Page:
How to Start a Professional Career as an Architect

How to Start a Professional Career as an Architect
Architect by Teknisk Ukeblad
Architects: A Quick Look
Median Salary $73,090 per year
$35.14 per hour
Entry-level education Bachelor’s of Science Degree
On-the-job training Internship/Residency
Primary employers Architectural and Engineering Industry, Corporate Business
Number of positions (U.S.) 107,400
Job Growth (2012-2020) 17% (Faster than average)
New positions (2012-2020) +18,600
How to Become An Architect

Architect by Teknisk Ukeblad

What Does An Architect Do?

An Architect plans and creates the design blueprint for homes, office buildings, and other structures. Architects are responsible for designing the places people need to live, work, rest, shop, and eat. Read more.


The U.S. Bureau of Labor states the median annual salary for an Architect was $73,090 in 2012. Read more.

Becoming An Architect

The path to becoming an Architect requires completing a four year degree in architecture, working as an intern for an architecture firm, and passing a registration exam. Read more.


Job Outlook

The perspective job outlook for Architects is higher than the current average for all occupations. The Bureau expects this position to grow by 17 percent through the end of the decade. The Bureau expects that the competition for available jobs will be strong as the number of applicants continues to surge. Read more.

Architect Salary

According to the U.S. Bureau of Labor, the median salary for Architects was roughly $73,000 per year in 2012. 10 percent of Architects earned less than $44,600. The top 10 percent earned over $118,230. Architects generally work full-time. Their hours may include night and weekend shifts. They often have to put in additional unpaid hours as they near impending deadlines. Their work more or less revolves around deadlines and the speed of the project. Architects who are self employed may have a greater flexibility to set their own hours. Additionally, certain Architecture firms may pay for employees to continue their education beyond the bachelor's level.

How to Start a Professional Career as an Architect

How Long Does It Take To Become An Architect?

Generally, the path to becoming an Architect is lengthy. Architects in training must complete three stages to become a full blown architect. All Architects has at least a four/five year bachelor's of science degree in Architecture. You can click here to find the top schools for Architecture in your area. Candidates must also complete an internship for an architecture firm. Often times, these are paid internships. Finally, the Architect to be generally must pass a state licensed Architect Registration exam. 35 states in the US currently require Architects have passed this exam.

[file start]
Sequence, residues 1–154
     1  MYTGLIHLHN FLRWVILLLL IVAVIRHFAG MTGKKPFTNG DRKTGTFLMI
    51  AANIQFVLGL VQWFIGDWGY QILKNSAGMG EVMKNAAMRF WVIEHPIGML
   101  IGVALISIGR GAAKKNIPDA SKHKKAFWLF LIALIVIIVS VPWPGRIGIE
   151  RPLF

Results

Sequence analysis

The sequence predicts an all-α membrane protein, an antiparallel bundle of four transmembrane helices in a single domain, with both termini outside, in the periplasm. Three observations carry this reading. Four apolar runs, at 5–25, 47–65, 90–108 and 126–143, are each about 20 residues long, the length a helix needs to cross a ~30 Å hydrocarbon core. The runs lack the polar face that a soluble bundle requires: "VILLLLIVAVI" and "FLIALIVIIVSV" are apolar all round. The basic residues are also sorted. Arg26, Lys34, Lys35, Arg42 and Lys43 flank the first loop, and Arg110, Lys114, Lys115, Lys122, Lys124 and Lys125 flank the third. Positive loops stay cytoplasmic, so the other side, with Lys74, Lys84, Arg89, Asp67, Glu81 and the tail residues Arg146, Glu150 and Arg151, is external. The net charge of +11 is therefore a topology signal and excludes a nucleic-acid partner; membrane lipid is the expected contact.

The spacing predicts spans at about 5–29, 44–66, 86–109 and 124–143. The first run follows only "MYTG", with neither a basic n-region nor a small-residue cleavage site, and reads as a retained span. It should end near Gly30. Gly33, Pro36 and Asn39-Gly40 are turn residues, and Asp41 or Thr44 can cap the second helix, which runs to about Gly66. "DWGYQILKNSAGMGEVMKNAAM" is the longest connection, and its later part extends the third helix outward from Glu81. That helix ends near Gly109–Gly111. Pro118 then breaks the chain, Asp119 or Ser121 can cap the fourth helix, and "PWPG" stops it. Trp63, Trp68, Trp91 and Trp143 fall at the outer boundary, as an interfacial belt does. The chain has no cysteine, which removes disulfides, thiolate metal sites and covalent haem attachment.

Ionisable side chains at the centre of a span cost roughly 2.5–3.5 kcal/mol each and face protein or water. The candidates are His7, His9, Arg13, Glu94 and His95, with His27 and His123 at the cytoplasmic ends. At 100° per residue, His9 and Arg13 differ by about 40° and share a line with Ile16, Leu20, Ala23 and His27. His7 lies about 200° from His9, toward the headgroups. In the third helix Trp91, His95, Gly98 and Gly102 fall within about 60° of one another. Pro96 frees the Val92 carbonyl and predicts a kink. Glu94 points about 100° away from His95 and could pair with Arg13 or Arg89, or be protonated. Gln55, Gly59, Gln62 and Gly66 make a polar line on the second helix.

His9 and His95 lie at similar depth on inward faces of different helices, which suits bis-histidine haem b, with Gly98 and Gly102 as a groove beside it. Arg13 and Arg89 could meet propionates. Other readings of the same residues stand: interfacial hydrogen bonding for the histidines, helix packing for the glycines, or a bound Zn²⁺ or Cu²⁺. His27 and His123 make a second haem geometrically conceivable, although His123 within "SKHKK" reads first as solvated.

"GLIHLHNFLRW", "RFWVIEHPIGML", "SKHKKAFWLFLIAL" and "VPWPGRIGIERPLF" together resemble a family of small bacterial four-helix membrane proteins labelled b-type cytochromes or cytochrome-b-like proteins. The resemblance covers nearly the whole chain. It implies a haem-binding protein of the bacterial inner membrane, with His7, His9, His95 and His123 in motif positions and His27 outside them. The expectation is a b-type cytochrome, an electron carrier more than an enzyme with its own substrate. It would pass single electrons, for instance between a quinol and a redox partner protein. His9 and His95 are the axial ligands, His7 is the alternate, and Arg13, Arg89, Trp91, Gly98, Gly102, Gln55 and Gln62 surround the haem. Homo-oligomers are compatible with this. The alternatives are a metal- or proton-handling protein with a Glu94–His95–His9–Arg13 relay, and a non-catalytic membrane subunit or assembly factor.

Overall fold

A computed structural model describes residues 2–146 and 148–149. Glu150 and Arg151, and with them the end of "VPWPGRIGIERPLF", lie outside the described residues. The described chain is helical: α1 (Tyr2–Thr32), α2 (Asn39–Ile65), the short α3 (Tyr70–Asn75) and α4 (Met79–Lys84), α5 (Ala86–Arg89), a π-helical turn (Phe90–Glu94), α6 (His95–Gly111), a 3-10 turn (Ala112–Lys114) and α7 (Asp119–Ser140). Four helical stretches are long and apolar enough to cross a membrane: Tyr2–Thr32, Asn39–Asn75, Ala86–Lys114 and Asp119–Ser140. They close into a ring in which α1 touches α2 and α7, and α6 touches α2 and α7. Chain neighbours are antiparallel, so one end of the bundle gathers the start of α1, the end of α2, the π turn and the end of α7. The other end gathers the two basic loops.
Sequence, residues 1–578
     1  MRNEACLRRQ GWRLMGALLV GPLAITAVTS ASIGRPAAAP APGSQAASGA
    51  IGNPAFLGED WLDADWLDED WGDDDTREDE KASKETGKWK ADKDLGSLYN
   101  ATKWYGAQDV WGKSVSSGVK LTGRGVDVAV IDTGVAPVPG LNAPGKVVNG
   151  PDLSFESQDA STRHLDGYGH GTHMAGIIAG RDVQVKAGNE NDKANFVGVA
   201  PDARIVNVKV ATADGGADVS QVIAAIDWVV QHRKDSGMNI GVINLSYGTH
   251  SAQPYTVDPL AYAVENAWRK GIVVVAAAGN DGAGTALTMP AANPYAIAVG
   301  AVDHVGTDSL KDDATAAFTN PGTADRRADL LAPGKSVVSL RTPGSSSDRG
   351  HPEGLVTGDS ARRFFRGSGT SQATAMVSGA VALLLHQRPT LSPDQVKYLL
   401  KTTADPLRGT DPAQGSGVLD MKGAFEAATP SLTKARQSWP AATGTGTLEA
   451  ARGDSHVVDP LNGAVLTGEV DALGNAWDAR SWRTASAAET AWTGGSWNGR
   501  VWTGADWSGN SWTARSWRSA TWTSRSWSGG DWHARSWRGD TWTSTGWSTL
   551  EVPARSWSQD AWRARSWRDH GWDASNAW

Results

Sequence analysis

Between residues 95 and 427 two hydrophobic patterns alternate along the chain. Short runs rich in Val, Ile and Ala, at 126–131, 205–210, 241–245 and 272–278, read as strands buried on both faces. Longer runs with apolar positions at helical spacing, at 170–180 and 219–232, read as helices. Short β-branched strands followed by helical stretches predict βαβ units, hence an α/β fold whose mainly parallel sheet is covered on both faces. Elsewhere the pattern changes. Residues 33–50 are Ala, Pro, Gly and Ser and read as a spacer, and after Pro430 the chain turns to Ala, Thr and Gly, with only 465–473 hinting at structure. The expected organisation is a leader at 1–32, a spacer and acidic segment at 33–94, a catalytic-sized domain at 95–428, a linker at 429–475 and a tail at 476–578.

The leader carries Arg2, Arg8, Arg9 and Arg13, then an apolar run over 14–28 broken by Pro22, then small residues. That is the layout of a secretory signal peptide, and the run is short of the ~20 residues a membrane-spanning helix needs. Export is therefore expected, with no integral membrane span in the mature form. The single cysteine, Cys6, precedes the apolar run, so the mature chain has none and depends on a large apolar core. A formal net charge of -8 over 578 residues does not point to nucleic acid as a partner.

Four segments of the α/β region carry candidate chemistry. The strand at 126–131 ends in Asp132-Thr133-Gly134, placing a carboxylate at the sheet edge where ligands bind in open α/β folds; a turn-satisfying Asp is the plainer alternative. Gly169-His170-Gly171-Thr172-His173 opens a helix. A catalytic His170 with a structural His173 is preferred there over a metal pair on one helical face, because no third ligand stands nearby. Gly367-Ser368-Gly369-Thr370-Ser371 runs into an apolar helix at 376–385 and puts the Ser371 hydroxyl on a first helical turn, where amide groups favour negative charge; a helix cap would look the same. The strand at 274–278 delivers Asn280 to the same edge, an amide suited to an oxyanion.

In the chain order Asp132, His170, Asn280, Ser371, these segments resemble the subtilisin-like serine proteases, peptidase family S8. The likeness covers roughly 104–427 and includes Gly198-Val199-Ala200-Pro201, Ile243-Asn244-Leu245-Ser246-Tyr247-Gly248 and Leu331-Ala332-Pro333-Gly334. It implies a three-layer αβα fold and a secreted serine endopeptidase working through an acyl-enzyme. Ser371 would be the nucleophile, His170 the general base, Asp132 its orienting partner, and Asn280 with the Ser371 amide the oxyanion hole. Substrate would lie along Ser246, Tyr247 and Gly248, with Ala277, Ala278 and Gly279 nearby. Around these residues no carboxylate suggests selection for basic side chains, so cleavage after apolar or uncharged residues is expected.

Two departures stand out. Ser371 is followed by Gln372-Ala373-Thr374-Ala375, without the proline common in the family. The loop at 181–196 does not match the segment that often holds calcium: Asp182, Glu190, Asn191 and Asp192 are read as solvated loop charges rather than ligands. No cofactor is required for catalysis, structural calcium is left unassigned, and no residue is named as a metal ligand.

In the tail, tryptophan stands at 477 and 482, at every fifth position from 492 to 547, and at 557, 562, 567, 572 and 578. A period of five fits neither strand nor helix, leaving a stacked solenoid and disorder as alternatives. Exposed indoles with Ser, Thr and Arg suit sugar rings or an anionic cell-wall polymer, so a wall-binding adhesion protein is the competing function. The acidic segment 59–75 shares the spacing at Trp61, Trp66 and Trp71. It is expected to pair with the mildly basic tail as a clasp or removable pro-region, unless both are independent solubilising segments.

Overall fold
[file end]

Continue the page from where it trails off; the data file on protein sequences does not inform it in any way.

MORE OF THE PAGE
Educational Requirements

As previously stated, all architecture firms require a bachelor's degree at the very least. A bachelor's in Architecture generally lasts anywhere from four to five years. Some firms may require that a candidate possess a master's in Architecture. They generally won't care whether an applicant holds a high school diploma or a GED. Although not common, some employers may not even require the candidate have a diploma or GED. The program typically includes courses in architectural history and theory, computer-aided design and drafting (CADD), structures, math, and physical sciences (among other things). In the design studio, students use their skills and concepts to create drawings and three-dimensional models of designs. We've provided a list of top schools in your area with certified Architecture degrees here. This link includes a list of the best Architecture schools in the country. Every state architectural registration boards requires graduates complete a paid internship. Architects in training must often work at this internship for three years before they may sit for the Architect Registration Exam. Students who complete internships while in school can count some of that time toward their three year internship period. Architects in every state of the US must be licensed. The requirements generally require completing a professional degree in architecture, gaining relevant experience through a paid internship, and passing the Architect Registration Exam. Many states require that Architects refresh their education to keep a license. The Bureau expects some states will adopt mandatory requirements for continuing education. The requirements usually involve additional education through workshops, university classes, conferences, self-study courses, or other sources.